Gary Schulze, co-owner until last last month of Minneapolis's Once Upon a Crime Bookstore, died on Wednesday afternoon of leukemia. Schulze, who was 66, passed away just a week after selling the store.

Once Upon a Crime, which Schulze ran with his wife, Pat Frovarp, for 14 years, celebrated its 29th anniversary earlier this year. The couple sold the store to Dennis Abraham, Meg King-Abraham, and Devin Abraham, recent transplants to Minneapolis who had approached Schulze and Frovarp last fall, after hearing the store was on the block.

Schulze met Frovarp at the store in the '90s, when she was working there and he was still just a customer. Schulze and Frovarp then bought the store in 2002. Five years later, on the same day they became owners of the shop, they were married inside the bookstore.

Despite its basement location in Minneapolis' Uptown neighborhood, Once Upon a Crime, which received a Raven Award from the Mystery Writers Association in 2011 for excellent in bookselling, was a fixture in the Twin Cities’ vibrant literary community. Not only did it regularly host appearances by bestselling mystery and crime authors, it also held events for local luminaries like William Kent Krueger and Brian Freeman.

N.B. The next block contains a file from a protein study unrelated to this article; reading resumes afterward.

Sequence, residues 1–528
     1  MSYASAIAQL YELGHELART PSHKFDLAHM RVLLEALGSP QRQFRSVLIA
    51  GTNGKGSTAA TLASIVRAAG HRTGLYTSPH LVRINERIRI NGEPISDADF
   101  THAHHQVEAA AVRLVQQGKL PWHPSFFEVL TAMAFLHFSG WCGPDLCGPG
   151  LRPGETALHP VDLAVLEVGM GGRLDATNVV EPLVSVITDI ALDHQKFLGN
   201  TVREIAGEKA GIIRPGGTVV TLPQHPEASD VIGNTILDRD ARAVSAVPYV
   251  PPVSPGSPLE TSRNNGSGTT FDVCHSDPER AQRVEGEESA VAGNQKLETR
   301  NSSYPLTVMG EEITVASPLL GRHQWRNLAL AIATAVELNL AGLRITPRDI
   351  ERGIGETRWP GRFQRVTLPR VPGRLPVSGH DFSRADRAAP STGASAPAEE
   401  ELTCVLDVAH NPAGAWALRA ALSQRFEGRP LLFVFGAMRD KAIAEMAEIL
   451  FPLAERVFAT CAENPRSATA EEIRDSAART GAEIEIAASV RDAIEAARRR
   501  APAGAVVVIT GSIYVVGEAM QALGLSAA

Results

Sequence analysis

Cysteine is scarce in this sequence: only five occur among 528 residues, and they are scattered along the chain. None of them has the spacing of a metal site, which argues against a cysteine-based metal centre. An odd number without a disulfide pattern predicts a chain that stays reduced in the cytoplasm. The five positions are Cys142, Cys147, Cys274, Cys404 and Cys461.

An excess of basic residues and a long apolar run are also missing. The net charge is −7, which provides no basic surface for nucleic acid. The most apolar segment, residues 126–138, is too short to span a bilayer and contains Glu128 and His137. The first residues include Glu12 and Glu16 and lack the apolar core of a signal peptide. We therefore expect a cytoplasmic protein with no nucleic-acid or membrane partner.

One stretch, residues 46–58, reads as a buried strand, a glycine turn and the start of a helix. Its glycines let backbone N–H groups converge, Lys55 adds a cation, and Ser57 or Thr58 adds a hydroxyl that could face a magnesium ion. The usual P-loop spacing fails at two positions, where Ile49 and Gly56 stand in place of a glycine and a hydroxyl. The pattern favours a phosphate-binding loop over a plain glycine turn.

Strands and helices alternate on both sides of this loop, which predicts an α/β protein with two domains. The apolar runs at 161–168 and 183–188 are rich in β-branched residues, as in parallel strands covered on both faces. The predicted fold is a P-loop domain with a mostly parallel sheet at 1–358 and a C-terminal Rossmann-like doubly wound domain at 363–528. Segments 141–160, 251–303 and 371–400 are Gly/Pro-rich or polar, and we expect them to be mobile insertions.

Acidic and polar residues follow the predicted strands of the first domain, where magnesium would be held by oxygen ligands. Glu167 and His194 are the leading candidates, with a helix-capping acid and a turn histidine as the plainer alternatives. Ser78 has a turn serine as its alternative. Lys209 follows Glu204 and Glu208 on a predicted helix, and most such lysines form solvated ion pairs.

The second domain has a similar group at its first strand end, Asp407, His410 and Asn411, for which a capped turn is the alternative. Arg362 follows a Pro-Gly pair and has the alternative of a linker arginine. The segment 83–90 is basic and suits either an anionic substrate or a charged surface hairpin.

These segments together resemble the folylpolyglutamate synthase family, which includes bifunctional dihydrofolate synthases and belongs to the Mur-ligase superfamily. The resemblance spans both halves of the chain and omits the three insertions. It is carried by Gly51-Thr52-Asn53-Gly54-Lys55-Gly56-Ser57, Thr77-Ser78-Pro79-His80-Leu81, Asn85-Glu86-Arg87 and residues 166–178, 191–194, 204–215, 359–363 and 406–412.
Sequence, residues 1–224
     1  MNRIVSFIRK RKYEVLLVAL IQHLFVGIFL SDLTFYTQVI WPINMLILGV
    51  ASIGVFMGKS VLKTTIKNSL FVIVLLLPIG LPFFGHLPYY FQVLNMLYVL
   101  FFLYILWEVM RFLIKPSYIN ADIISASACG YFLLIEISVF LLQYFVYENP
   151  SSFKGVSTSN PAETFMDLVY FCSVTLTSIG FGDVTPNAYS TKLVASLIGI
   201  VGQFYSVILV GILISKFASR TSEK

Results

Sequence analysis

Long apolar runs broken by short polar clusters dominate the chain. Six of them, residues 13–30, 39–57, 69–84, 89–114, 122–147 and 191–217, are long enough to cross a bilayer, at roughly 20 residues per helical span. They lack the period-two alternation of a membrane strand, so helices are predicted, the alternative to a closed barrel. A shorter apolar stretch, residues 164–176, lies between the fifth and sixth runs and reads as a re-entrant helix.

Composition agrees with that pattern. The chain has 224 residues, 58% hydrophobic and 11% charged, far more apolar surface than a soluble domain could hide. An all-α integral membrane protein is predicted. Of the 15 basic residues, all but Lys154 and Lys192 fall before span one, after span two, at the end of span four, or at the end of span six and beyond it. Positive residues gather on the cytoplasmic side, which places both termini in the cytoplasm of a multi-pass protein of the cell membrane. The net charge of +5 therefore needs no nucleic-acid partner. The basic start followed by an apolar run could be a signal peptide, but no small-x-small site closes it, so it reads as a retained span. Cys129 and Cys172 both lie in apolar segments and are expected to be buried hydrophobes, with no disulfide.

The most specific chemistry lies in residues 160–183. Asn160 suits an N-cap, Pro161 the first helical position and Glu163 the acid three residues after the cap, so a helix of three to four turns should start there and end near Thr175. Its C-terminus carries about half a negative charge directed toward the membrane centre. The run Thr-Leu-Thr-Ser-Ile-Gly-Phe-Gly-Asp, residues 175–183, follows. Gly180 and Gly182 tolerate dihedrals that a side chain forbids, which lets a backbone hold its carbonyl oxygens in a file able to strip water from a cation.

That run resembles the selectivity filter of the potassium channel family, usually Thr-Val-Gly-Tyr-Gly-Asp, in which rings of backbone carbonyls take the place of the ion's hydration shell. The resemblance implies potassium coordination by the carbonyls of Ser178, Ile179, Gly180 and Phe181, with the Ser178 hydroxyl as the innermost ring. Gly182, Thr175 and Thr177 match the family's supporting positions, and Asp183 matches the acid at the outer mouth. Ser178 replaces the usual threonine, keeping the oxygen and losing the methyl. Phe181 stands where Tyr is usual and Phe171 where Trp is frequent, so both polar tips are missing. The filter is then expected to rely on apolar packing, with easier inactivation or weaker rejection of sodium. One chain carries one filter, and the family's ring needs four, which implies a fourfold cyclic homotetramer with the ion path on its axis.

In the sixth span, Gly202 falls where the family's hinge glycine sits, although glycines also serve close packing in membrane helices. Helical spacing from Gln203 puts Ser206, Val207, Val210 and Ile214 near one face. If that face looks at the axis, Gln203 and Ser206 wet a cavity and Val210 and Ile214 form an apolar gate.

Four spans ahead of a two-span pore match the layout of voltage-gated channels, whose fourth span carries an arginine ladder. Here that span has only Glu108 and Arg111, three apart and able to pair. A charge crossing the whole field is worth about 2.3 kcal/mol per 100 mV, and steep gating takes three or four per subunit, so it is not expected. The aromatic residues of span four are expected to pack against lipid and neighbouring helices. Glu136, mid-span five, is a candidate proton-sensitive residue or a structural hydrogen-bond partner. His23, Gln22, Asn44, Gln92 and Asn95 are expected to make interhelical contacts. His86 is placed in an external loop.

The bookstore hosted, for a decade, an annual “Write of Spring” celebration of local mystery and crime authors, during which dozens of writers would come and spend the afternoon reading one after the other; 98 authors participated in the event total. In 2012, in honor of Write of Spring’s 10th and final anniversary, as well as the store's 25th anniversary of its founding in 1987, Nodin Press published Writes of Spring, an anthology of short fiction by 34 contributors who had participated in Write of Spring; it was edited by Schulze and Frovarp and included tributes to them by several of the contributors.

Devin Abraham, one of Once Upon a Crime's three new co-owners, said she was shocked about Schulze's death, but added she was relieved that Frovarp “wasn’t going to have to do this all by herself.” Two years ago, when Schulze underwent a bone marrow operation, a group of customers worked shifts at the store to help Frovarp during Schulze’s convalescence.

No services have yet been planned, per Schulze's expressed wishes, Abraham said.